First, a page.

Battling skyscrapers on 57th Street
In the wake of One57, developers are working on a slew of residential projects in Manhattan’s newest hotbed of development
With its birds-eye views of Central Park, Extell Development’s One57 is setting new records for residential sale prices in the city. But Extell isn’t the only developer seeking to cash in on the area’s potential. A number of new skyscrapers are springing up along 57th Street, from Durst Fetner Residential’s pyramid-shaped condo project on the far West Side to 250 East 57th Street, a 59-story residential tower at Second Avenue.
Fifty-Seventh Street is now one of the most active corridors of new residential development in the city, boasting some of the city’s tallest towers and most buzzed-about architecture. Why is the street having such a moment? Brokers and developers attribute that to a unique confluence of factors, including demographic change, zoning that allows very tall buildings and proximity to the park.
The gradual development of Hudson River Park in stages over the past 13 years has helped rejuvenate the previously desolate West 50s, making the area a more desirable residential neighborhood, said Jordan Barowitz, Durst’s director of external affairs. The area has “great views of the river and southern Manhattan,” he noted.
And high-end shopping at the Time Warner Center has brought more residential amenities to the neighborhood. (With a Whole Foods at the Time Warner Center and a new one on 57th between Second and Third avenues, the street is now bookended by the pricey natural food market.)
Fifty-Seventh Street, in particular, is attractive to developers because of its location in a special Midtown zoning district with no height restrictions. (Height restrictions begin at 58th Street.) That means developers can build high enough to capture the sought-after Central Park views that very wealthy buyers crave, explained Michael Stern of JDS Development Group.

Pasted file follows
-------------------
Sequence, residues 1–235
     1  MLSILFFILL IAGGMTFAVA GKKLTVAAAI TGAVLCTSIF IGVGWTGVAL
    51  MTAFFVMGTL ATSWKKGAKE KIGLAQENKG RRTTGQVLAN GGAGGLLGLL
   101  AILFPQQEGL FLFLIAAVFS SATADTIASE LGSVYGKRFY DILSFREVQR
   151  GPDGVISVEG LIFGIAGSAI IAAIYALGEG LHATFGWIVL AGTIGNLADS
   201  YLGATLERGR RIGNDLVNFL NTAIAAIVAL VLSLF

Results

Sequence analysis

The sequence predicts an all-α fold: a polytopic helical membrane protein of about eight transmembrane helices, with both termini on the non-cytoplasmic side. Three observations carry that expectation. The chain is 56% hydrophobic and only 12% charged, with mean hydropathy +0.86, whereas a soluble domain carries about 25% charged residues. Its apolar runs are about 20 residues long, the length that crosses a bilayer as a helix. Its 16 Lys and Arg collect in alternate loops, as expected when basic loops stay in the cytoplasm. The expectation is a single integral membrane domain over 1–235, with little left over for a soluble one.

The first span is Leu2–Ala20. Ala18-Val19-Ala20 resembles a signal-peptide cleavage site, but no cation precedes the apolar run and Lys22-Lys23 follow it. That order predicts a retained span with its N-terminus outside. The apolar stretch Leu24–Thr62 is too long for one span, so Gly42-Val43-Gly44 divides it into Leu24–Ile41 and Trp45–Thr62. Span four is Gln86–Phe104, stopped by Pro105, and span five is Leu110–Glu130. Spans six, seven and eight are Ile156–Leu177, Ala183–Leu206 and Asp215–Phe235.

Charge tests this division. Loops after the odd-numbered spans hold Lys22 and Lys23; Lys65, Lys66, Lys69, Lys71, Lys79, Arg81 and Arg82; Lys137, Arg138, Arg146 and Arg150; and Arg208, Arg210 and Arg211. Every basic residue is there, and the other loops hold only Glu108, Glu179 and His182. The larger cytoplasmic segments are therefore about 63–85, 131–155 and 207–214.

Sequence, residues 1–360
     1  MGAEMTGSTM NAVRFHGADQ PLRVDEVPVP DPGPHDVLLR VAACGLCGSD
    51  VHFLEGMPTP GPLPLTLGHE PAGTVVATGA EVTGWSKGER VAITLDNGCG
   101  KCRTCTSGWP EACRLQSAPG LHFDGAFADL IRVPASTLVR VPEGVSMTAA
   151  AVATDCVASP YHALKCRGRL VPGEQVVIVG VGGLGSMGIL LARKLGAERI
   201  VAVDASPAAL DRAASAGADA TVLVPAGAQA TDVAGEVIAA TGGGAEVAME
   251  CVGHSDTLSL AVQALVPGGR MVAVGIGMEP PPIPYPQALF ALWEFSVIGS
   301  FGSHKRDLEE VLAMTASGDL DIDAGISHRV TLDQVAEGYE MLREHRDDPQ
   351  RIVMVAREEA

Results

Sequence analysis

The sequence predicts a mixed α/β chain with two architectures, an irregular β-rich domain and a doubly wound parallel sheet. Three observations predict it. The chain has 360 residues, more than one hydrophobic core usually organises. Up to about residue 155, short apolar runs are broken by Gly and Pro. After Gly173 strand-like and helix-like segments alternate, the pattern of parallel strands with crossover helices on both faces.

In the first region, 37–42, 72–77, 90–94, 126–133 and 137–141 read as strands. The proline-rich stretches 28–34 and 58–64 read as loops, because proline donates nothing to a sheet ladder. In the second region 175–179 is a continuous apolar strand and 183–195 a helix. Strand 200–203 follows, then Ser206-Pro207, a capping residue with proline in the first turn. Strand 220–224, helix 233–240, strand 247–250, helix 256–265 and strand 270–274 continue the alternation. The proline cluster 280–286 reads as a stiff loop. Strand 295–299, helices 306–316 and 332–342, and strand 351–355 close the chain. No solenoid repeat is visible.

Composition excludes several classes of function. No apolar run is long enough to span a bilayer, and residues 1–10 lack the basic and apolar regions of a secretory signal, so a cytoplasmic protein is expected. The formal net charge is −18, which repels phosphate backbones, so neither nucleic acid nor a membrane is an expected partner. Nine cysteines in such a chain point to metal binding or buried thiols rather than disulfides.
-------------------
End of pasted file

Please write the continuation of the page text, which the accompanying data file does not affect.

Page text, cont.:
When it comes to netting the highest possible prices for Manhattan condos, “it’s all about park views,” said Stern, who is in the process of developing a new condo tower at 107 West 57th Street.
So many projects are rising at once, he said, because banks are now more willing to finance new condominiums, after a four-year lull following the financial crisis. And developers like him are seizing the moment, while housing supply is low and the real estate market is picking up steam. “There’s an imbalance between supply and demand coming out of the recession,” he said.
And of course, the sky-high prices at nearby buildings like the Time Warner Center, One Beacon Court and One57 — the New York Observer last month dubbed 57th Street “the Billionaires Belt” — have not escaped developers’ notice.
“Developers are looking at the success [in the neighborhood] and saying, ‘The highest return is to build condominiums,’” said Donna Olshan, president of the brokerage Olshan Realty.
Read on for a rundown of the new projects rising on 57th Street.
A rendering of Harry Macklowe
625 West 57th Street